Berchtold called for “categorical prohibitions” on “fraudulent ticket practices, including deceptive URLs”, along with spec-selling. “We should mandate all-in pricing so that fans see the full cost of their tickets from the start,” he added. “We share your goal of making live entertainment industry better for artist teams and fans alike.”

The panel also heard from witnesses including SeatGeek co-founder Jack Groetzinger, JAM Productions president Jerry Mickelson, singer/songwriter Clyde Lawrence, Sal Nuzzo, SVP of the The James Madison Institute, and Kathleen Bradish, the American Antitrust Institute’s VP for legal advocacy.

Asked directly whether they considered Ticketmaster to be a monopoly, Groetzinger, Mickelson and Nuzzo answered “yes”, and Bradish said the company was “certainly acting like a monopoly”, while Lawrence said, “I’m not sure.”

In response, Berchtold argued the ticketing business “has never been more competitive”. “We believe that fact is demonstrated by every venue renewal [having] multiple credible offers in a bidding process,” he noted.

The session was announced by Senators Amy Klobuchar and Mike Lee of the senate judiciary subcommittee on competition policy, antitrust and consumer rights. Days earlier, Klobuchar had written an open letter to Live Nation chief Michael Rapino, expressing “serious concerns about the state of competition in the ticketing industry”.

“The solutions are there for the taking. Some of them are small things that can be done right away”

The letter came just weeks after a coalition of American consumer, artist and lobbying groups launched a Break Up Ticketmaster campaign, claiming that artists and venues are being exploited by the company. However, several industry commentators were quick to point out that unprecedented demand for Taylor Swift tickets had little to do with Ticketmaster’s relationship with Live Nation.

In her closing comments, Klobuchar suggested the strong turnout reflected people’s desire to see live concerts.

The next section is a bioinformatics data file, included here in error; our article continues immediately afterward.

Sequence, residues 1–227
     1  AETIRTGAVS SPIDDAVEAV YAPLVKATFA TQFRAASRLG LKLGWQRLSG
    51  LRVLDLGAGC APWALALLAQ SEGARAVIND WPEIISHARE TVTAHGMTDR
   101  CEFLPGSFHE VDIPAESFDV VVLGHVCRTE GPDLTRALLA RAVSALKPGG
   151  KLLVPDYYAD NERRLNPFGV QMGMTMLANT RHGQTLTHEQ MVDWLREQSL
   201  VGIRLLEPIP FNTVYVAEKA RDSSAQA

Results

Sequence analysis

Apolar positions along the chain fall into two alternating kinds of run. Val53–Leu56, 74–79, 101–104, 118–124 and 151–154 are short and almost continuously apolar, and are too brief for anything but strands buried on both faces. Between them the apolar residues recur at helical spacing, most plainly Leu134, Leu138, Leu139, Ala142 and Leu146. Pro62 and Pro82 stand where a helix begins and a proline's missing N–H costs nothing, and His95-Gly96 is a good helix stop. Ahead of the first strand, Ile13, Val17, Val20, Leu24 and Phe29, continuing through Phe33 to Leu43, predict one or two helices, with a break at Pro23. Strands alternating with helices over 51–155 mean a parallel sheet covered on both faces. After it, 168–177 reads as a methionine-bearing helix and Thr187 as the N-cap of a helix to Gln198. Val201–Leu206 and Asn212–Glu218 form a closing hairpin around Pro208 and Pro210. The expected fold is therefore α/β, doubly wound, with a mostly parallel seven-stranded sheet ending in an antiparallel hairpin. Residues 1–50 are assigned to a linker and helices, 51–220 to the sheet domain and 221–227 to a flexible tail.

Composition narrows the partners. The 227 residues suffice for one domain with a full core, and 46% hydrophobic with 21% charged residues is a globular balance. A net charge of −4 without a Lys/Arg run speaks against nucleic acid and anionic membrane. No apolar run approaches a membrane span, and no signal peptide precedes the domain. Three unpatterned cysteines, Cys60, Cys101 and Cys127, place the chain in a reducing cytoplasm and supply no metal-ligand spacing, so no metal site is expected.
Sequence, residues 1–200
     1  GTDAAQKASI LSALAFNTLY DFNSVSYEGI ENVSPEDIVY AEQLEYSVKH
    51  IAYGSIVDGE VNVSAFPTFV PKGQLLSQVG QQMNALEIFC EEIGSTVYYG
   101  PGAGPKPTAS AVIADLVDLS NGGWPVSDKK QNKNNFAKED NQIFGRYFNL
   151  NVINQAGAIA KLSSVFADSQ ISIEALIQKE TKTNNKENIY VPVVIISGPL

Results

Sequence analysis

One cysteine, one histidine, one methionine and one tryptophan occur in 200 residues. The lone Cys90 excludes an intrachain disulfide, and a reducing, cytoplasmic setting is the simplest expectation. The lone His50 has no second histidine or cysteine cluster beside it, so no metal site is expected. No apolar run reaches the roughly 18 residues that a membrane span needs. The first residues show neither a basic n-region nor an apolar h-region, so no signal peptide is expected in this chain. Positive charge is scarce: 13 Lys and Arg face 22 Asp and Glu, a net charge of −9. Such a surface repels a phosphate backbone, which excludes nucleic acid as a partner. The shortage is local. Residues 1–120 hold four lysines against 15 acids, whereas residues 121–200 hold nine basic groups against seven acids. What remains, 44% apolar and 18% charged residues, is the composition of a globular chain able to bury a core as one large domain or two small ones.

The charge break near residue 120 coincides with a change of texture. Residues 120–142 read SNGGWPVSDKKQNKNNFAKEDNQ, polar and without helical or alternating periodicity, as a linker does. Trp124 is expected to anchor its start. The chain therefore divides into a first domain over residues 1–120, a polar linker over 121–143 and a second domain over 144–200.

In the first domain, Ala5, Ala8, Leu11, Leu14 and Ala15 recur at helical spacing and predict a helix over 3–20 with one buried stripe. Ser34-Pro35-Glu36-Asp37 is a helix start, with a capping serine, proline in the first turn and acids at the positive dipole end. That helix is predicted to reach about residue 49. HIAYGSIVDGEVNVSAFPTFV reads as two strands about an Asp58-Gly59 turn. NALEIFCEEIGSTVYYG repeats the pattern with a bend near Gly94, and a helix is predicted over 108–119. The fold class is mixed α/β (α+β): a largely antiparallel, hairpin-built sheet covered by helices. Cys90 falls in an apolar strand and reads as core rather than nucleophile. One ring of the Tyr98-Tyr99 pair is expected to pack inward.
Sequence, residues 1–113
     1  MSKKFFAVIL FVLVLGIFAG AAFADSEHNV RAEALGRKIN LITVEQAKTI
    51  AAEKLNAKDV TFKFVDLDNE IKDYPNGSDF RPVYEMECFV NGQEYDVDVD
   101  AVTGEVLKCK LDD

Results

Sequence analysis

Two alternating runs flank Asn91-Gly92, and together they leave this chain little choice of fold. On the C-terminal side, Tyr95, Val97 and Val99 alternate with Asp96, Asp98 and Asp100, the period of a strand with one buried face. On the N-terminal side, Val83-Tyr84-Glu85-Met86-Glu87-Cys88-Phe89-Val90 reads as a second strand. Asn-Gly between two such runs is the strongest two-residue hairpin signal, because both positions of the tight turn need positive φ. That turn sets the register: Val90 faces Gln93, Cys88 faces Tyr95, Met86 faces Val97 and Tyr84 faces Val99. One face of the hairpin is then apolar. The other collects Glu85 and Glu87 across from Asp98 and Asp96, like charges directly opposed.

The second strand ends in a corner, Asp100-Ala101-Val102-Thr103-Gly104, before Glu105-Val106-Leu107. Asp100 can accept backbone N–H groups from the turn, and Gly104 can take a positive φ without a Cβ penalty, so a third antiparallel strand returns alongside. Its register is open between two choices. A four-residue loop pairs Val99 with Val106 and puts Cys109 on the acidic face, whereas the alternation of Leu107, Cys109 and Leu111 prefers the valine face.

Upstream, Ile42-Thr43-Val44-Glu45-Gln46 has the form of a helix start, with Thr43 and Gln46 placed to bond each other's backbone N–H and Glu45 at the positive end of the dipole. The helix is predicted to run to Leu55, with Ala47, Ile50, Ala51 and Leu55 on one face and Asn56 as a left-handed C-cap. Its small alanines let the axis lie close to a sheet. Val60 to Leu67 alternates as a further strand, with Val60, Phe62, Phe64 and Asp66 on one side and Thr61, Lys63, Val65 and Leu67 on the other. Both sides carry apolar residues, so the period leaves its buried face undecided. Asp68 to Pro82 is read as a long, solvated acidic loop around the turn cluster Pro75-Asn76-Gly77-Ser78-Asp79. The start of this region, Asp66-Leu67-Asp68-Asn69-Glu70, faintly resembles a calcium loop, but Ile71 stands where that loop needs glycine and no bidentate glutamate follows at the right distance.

“We are very interested in actually doing something and not just throwing popcorn,” she added. “The solutions are there for the taking. Some of them are small things that can be done right away. Some of them are things that the Justice Department might order as either part of their oversight with the consent decree, or new investigations, or new outcomes – some of which have been discussed here. Some of them are things that we can do right here.

“Of course, we’re always going have some some disagreements… But there is general agreement on some of these ideas when it comes to pricing and transparency and the like.”

 


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Ticketmaster Mexico installs new director

Ticketmaster Mexico has announced the appointment of Ana María Arroyo as its new director, replacing the long-serving Lorenza Baz.

Arrayo, who comes from a digital background, will be tasked with accelerating the firm’s technological transformation, as well as clamping down on illegal ticket resale sites, reports Forbes Mexico.

“The change in the leadership of Ticketmaster opens a new stage of leadership, which reaffirms our determination to improve the experience of fans, event promoters, venues and commercial allies, as well as ensuring the quality of our service,” it says

Ticketmaster also pays tribute to Arrayo’s predecessor’s “achievements and contribution to the evolution of the ticket industry in Mexico” over 30 years with the company, praising Baz as a “benchmark of professionalism to follow”.